Cruising for a bruising
Everyone gets excited about the weekend—some are just more demonstrative about it than others.
Such was the case with a 38-year-old Reading, Pa., man last month who kicked off his weekend on the West Shore Bypass. While driving his minivan through busy Friday afternoon traffic, the man climbed out of the driver’s side window and stood on the roof of the vehicle as it continued down the highway at about 55 mph.
Witnesses told police that the unmanned vehicle eventually drifted from the right lane across the left lane and into the concrete median. It then veered back across the highway into a guardrail, which catapulted the man into a wooded embankment.
Drivers worried that the man was dead, but he was just getting warmed up. After climbing out of the embankment, the man stripped naked and began running down the side of the highway. Despite a foot-long gash in his side, he resisted all attempts to end his party early.
After chasing the man for several hundred yards, police were eventually forced to restrain him in order to get him medical attention. But that was no easy task. Three separate jolts from a Taser had no effect, nor did pepper spray. Police ultimately had to tackle the man and handcuff him in order to get him into an ambulance.
When asked what he was thinking when he climbed on top of an unmanned moving vehicle, the man cited the classic Loverboy defense:
“Everybody’s working for the weekend / Everybody wants a new romance / Everybody’s goin’ off the deep end / Everybody needs a second chance / Oooohhhh.”
Misdirected anger hits the target
The postman isn’t the only one who rings twice.
Glenn Sparling, 65, of Ravenden Springs, Ark., crashed two cars into the same post office in the same day.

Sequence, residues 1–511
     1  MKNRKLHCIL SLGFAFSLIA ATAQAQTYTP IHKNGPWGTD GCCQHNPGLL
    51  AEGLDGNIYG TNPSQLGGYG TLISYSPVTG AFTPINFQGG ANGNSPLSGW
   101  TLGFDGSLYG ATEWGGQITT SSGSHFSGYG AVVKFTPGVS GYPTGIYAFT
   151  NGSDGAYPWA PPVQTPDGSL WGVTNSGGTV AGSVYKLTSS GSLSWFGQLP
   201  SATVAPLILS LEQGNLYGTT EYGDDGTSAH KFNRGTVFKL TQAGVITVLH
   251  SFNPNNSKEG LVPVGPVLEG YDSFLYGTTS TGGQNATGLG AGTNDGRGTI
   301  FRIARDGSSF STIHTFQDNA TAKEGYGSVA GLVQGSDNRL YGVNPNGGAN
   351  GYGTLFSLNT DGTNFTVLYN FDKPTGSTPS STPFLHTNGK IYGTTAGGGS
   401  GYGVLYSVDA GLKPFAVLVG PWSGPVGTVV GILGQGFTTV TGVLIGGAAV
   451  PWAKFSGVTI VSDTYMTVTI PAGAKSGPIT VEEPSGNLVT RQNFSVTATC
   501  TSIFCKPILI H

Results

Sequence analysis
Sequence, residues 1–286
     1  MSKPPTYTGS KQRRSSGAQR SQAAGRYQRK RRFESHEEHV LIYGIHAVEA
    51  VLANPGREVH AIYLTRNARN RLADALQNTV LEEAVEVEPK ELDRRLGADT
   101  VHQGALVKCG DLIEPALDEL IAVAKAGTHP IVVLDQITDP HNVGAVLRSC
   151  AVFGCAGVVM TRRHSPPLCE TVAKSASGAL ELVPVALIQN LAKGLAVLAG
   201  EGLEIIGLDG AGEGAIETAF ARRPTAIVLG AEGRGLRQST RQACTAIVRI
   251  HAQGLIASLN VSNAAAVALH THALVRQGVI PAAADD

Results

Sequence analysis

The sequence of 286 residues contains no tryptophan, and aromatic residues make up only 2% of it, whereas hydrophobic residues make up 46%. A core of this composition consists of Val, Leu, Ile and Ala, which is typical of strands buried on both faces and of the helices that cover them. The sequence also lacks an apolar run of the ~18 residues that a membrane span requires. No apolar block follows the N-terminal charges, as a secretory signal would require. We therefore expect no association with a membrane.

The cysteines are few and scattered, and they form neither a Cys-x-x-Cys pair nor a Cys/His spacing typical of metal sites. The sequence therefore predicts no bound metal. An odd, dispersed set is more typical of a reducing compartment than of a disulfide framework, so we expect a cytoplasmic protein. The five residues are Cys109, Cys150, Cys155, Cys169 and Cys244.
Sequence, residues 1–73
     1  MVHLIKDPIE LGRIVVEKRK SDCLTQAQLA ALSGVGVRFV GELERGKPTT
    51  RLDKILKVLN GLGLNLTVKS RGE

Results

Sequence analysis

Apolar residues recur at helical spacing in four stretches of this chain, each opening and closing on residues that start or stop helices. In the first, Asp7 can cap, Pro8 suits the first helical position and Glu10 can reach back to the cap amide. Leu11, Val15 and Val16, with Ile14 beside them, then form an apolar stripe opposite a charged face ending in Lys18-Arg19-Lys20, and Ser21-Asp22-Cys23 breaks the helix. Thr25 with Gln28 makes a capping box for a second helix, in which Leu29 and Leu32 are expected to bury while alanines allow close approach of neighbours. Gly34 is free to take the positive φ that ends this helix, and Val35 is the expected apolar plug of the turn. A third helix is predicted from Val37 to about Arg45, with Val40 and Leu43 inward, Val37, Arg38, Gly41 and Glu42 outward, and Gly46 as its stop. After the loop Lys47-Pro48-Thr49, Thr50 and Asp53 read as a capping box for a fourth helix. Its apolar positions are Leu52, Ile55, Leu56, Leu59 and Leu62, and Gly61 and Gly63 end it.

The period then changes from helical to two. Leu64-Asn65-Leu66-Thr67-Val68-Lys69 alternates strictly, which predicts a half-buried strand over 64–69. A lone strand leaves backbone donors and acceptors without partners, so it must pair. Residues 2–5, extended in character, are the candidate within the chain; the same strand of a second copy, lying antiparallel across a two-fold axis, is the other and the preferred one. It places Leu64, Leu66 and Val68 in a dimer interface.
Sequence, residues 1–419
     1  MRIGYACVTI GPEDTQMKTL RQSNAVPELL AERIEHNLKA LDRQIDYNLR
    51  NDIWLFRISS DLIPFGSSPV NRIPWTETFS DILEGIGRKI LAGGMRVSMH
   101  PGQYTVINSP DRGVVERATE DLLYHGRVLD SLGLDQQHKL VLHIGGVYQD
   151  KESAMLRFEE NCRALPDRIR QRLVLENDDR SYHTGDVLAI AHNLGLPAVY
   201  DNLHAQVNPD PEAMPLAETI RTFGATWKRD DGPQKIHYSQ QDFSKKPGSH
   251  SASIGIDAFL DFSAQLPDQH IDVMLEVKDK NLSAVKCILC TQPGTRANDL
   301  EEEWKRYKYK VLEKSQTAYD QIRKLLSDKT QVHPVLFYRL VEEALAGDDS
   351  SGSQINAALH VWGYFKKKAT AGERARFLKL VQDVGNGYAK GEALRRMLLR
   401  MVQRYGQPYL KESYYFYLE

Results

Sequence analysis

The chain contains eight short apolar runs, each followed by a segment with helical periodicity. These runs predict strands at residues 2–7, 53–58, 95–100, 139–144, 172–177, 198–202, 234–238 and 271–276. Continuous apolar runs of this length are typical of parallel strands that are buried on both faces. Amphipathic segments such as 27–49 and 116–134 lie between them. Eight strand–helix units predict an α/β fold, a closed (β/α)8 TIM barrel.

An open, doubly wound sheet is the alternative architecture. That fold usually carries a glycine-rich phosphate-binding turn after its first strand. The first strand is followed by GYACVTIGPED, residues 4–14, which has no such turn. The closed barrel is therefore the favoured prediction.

Police say that Sparling kicked off his Sunday by ramming his Chevy Blazer into the side of the post office. He then fled the scene, but his truck soon broke down.
Undeterred, Sparling went home and picked up his red 1960s Mustang and headed back to finish the job.
A deputy spotted Sparling in the Mustang and gave chase. The pursuit ended when Sparling crashed into the same post office again, this time driving halfway through the wall of the building.
Fortunately, no one was injured in either crash. However, the post office didn’t fare quite so well, suffering extensive damage inside and out.
On the bright side, plans to add a new wider entrance are suddenly ahead of schedule.
Power of suggestion
A new study suggests that telling your wife she’s a bad driver just might be a self-fulfilling prophecy.
Conducted at the University of Queensland in Australia, the study found that women who are told that they are inferior drivers are more than twice as likely to lose focus and run over a pedestrian.
Researchers recruited 168 women and observed their performance in a driving simulator. Half of the participants were told that the study was investigating why men are better drivers than women, while the other half were simply told that the study was examining the mental processes involved in driving.
Nearly half of the drivers who were reminded of the stereotype hit a jaywalking pedestrian in the simulator, more than twice as many as in the control group.
A second experiment showed the same accident rate among drivers who tried to operate the simulator while taking a grammatical test.
Researchers concluded that when people are confronted with negative stereotypes about themselves, the mental distraction can be just as powerful as an external distraction.
So this Mother’s Day, play it safe and keep your mouth shut when your wife tries to parallel park behind that Mercedes.